We love this simple recipe for beef stock from Marks Daily Apple. Let us know what you think!
For roughly 2 quarts of stock, you’ll need:
- 4 pounds of bones
- 2 onions
- 3 carrots
- 3 celery stalks
- 4 quarts cold water (as a general rule, use one quart of water for every pound of bones then add more if needed to fully cover bones)
- 2 bay leaves
- 6 parsley stems
- a large pinch of black peppercorns
The secret to a really richly flavored stock is roasting the bones before simmering, although this step is used much less often for chicken stock and fish stock. Some (not professional chefs, however) even say that roasting the bones can be skipped entirely without hugely compromising flavor. If you are making a beef-based stock and choose to roast the bones, make sure they are cut into smallish pieces (3-4 inches) and do not wash the bones since the wet bones will not brown well.
Preheat oven to 400 degrees Fahrenheit and place the bones in a roasting pan, drizzled with a little oil. Stir occasionally, to make sure all sides brown but do not burn. After a half hour, add the mirepoix (some cooks mix a few tablespoons of tomato paste in with the mirepoix to intensify the flavor).
Roast at least another 30 minutes, stirring occasionally, and up to another hour or so until bones and vegetables are well browned. When roasting is complete, combine the bones and vegetables in a large pot with water, bay leaves, parsley and peppercorns. Do not add the fat in the roasting pan to the stock pot – reserve it for another use. Once the fat is drained out, add a little water or wine to the roasting pan to loosen all the caramelized bits and scrape them into the stock pot.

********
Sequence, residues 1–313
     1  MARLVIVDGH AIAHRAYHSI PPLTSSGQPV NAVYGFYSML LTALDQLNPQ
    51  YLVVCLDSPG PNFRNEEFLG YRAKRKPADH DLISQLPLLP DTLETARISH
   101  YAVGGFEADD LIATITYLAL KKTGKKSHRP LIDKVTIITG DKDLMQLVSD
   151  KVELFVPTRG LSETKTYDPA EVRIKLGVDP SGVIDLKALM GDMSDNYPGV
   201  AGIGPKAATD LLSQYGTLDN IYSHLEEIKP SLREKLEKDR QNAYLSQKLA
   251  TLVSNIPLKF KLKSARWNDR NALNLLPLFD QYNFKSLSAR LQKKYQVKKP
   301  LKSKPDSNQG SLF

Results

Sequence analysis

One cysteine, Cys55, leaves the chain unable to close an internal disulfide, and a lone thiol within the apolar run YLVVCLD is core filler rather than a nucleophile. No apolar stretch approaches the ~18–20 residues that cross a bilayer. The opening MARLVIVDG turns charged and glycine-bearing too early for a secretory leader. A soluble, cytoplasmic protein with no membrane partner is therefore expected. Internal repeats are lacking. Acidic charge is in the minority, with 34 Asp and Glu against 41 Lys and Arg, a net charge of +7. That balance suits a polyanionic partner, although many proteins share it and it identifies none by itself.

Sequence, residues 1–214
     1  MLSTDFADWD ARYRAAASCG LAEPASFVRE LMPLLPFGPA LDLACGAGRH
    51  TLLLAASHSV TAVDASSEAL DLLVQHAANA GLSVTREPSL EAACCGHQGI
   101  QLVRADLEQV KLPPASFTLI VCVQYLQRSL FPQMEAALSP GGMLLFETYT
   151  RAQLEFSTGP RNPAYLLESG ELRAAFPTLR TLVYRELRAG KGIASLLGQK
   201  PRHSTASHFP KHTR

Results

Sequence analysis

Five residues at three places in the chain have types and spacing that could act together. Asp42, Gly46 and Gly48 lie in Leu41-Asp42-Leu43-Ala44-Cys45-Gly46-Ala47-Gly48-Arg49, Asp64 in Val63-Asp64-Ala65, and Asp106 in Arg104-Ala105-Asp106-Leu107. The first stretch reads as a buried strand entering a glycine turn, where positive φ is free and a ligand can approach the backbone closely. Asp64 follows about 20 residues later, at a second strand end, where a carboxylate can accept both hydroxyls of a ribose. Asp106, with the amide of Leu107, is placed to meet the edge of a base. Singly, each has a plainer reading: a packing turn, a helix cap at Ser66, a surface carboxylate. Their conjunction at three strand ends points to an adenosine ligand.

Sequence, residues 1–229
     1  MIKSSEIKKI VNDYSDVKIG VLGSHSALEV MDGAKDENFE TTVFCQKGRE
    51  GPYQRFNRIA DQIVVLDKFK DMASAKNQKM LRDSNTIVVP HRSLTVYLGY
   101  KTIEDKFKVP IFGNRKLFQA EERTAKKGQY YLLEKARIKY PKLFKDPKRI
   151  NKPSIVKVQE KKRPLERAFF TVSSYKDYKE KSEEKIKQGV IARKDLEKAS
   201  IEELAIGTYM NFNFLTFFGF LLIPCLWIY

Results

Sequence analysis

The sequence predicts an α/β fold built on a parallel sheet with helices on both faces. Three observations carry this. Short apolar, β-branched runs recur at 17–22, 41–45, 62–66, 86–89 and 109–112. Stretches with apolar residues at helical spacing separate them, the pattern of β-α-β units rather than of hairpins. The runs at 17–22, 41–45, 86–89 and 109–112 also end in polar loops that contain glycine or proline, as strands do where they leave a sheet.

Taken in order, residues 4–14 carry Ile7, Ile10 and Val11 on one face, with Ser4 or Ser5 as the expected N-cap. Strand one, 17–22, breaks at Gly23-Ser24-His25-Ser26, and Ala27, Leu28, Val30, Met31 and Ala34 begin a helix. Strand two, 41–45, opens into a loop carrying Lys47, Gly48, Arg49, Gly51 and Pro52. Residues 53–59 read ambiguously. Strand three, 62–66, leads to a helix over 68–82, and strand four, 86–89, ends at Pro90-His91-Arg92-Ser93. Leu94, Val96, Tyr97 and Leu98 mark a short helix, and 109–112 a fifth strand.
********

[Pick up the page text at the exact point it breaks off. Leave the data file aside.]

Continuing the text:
If skipping the roasting step, then simply brown the bones and vegetables with a few tablespoons of oil in a stock pot for 5-10 minutes before adding water, herbs and spices.
Simmer over medium heat without a lid for 3-5 hours. If needed, add a little water during this process to keep the bones covered with liquid. If a lot of foam collects on top of the stock, skim it off occasionally.
Strain the stock to remove all solids.
Cool to room temperature then transfer to the refrigerator to cool completely. You can then freeze the stock in containers or freezer bags for future use. Do not be disappointed if your stock does not have rich, amazing flavor at this point. Remember, it has no salt added and it needs to be reduced even more during the soup-making process to really bring out the flavor.